1Head of Pediatric Allergy and Pneumology Section, Professor of Pediatric, School of Medicine. University Hospital Puerto Real, Cádiz, Spain
2Pediatric Department, University Hospital Puerto Real, Cádiz, Spain
*Address for Correspondence: Carlos Alberto Sánchez Salguero, Head of Pediatric Allergy and Pneumology Section, Professor of Pediatric, School of Medicine, University Hospital Puerto Real, Spain, Email: firstname.lastname@example.org
Dates: Submitted: 20 December 2016; Approved: 28 January 2017; Published: 31 January 2017
How to cite this article: Sánchez Salguero CA, Sánchez Chacón ÁI. Atopic Conjunctivitis in Children: Influence of Treatment with Topical Cyclosporin 0.05% in the Quality of Life. Arch Asthma Allergy Immunol. 2017; 1: 001-008. DOI: 10.29328/journal.aaai.1001001
Copyright: © 2017 Sánchez Salguero CA et al. This is an open access article distributed under the Creative Commons Attribution License, which permits unrestricted use, distribution, and reproduction in any medium, provided the original work is properly cited.
Keywords: Allergy; Atopic; Conjunctivitis; Children; Cyclosporine 0.05%; Quality of life
Introduction: Forty-six per cent children have allergic rhinoconjunctivitis (Allergologica 2005).
Working hypothesis: Ocular topical cyclosporine improves the quality of life for these patients.
Material, methods, design: 2-year prospective study (2015-16), 40 patients with topical corticosteroids without improvement, followed 20 and 20 switched to corticosteroids cyclosporine 0.05%. Interview with Quality of Life Questionnaire in Children with rhinoconjunctivitis (PRQLQ) before and at the end of treatment. Mean age of 10.3 years with 60% male-40% female. Treatments were applied from January to March. There were 15 questions divided into two blocks. Children responded using a card with responses rated from zero (not bothered at all) to 6 (quite upset).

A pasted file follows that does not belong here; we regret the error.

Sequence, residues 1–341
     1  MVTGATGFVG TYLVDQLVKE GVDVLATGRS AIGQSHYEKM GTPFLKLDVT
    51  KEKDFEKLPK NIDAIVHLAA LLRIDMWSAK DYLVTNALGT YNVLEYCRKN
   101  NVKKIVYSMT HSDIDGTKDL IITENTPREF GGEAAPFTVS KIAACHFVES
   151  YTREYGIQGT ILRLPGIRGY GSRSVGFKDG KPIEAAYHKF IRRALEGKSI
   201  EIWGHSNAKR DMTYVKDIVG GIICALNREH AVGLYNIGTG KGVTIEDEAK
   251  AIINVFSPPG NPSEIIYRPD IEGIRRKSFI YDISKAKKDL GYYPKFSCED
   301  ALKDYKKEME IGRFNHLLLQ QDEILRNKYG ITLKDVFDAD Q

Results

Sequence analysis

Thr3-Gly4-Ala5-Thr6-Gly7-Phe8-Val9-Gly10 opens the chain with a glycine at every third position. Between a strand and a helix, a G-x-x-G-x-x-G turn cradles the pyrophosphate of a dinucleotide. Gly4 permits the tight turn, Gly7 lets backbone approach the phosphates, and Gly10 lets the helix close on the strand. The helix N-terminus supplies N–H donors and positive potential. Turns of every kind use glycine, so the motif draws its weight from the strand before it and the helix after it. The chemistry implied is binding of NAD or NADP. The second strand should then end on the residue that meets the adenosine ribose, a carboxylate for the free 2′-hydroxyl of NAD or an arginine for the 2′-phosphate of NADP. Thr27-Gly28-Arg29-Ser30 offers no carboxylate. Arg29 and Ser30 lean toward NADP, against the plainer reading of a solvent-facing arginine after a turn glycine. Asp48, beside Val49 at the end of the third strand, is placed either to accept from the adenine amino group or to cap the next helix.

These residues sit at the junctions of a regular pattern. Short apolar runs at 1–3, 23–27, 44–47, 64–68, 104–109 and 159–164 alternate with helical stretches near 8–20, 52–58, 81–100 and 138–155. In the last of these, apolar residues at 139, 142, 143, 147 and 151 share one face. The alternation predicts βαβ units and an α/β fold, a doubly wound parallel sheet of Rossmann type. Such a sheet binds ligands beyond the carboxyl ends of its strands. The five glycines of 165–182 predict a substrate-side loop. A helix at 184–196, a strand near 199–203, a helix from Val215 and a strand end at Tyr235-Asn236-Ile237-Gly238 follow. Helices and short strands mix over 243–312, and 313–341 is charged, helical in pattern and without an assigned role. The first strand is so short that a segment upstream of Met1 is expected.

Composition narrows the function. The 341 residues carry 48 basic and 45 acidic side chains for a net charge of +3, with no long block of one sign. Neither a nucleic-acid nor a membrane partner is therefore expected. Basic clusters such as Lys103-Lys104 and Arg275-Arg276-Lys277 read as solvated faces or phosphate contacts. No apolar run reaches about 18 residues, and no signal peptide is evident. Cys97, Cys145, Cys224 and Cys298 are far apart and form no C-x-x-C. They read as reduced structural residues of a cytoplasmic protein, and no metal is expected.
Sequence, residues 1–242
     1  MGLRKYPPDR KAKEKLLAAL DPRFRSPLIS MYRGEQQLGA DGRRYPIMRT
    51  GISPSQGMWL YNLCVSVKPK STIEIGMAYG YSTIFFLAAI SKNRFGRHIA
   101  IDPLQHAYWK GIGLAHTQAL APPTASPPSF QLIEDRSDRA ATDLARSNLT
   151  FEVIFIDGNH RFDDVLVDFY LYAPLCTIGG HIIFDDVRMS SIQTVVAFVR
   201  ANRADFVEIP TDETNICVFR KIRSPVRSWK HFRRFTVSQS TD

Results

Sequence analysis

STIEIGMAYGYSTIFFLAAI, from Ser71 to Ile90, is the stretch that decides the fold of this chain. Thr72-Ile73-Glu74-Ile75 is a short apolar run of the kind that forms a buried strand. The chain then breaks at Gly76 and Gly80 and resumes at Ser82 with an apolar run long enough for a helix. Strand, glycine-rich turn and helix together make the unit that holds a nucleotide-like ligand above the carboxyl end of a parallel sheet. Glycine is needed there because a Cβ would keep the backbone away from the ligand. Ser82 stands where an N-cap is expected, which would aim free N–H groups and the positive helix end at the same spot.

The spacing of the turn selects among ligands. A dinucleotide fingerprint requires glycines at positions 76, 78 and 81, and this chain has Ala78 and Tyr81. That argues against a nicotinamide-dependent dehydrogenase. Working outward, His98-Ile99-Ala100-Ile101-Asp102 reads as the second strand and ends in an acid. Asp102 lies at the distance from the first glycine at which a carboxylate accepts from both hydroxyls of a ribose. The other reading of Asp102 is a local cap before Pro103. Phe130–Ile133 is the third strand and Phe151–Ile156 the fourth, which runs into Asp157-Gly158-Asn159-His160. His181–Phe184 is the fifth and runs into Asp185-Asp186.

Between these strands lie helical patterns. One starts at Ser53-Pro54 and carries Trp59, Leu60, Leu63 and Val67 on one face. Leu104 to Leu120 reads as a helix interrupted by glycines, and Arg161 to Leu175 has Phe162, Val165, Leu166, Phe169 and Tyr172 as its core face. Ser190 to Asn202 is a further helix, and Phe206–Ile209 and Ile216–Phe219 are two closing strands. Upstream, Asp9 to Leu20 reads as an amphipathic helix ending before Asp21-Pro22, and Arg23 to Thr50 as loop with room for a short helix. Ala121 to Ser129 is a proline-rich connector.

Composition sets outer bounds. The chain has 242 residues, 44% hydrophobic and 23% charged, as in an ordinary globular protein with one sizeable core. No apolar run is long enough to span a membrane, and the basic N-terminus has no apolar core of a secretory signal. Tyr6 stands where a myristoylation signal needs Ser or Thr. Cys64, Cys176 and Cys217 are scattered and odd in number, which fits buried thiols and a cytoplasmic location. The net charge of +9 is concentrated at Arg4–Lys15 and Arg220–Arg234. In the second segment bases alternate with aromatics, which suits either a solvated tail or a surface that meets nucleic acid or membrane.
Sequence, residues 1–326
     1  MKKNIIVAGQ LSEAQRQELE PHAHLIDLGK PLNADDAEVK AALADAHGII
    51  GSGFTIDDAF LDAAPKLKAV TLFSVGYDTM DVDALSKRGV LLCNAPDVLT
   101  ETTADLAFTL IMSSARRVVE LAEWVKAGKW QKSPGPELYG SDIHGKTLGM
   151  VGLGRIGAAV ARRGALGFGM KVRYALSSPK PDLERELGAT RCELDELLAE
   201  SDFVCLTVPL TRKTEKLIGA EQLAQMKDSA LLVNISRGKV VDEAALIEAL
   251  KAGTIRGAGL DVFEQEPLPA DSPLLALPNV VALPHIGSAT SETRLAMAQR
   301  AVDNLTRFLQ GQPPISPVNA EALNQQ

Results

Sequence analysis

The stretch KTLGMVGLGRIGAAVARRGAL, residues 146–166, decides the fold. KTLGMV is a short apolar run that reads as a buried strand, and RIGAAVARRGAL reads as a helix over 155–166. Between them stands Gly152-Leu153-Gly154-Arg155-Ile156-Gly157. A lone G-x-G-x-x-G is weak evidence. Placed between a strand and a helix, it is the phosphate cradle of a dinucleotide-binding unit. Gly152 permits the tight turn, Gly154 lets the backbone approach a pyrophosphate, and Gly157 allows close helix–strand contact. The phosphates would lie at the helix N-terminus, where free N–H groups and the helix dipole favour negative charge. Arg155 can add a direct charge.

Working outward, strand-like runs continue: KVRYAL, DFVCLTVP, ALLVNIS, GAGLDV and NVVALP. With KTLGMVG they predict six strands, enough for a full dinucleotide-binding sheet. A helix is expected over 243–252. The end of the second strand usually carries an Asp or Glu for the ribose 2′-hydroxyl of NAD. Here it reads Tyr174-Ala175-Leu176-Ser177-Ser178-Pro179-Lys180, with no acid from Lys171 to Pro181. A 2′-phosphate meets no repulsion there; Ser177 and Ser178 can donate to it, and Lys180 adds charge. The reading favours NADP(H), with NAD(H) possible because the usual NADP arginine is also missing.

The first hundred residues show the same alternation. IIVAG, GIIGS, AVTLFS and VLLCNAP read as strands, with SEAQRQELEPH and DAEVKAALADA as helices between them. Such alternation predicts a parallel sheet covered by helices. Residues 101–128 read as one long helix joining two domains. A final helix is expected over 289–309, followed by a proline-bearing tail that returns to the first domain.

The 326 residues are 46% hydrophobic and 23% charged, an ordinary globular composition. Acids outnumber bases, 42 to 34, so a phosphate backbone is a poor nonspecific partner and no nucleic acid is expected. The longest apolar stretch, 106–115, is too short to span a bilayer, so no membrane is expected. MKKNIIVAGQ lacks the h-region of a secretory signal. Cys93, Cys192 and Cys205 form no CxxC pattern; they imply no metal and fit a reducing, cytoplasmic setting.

Results: Before the 100% reported that, the itching was very bothersome. In the group of 40 children, 80% showed symptoms of epiphora and 60% showed symptoms of ocular inflammation. 100% complained of significant discomfort in rubbing their eyes, 30% did not like to take medications. Headaches affected 20%. 100% stated that they cannot play normally. 80% showed decreased concentration in class.
Continuing with corticosteroids did not show statistically significant changes.
Patients with cyclosporine improved the results by 3 points, with decreased itching, tearing, swelling, pain, eye rubbing, medication and headaches. In the 2nd questionnaire there was limited variation in the results related to fatigue, malaise, and irritability but with substantially improved balance of sleep, insomnia and concentration at school.
Conclusion: Cyclosporine A is a cyclic polypeptide calcineurin inhibitor developed from the fungus Tolypocladium inflatum. The first dilution was 2% but it is currently used at a dilution of 0.05% and recent publications suggest nanosuspensions. Our study showed improvement in parameters related to symptoms, especially itching and lower improvement of psychological aspects, this achieves a better quality of life for children and more willingness to adhere to the treatment.
Approximately 30% of the population suffers from an allergy, and allergic conjunctivitis affects 40-80% of allergic patients, with an increased prevalence in Western countries . Inflammation of the conjunctiva of the eye is often associated with rhinitis and sometimes asthma. In the pediatric age group <14 years, 46% of patients with allergic phenotype had symptoms of allergic rhino conjunctivitis (Allergologica 2005) . The use of symptomatic medication varies depending on the underlying condition of the patients’ eye: topical and oral antihistamines, topical corticosteroids, stabilizing mast cell membrane, calcineurin inhibitors (cyclosporine A, topical pimecrolimus and tacrolimus).
There are four clinical forms of ocular allergy :
1. - Seasonal Allergic Conjunctivitis (SAC), the most frequent.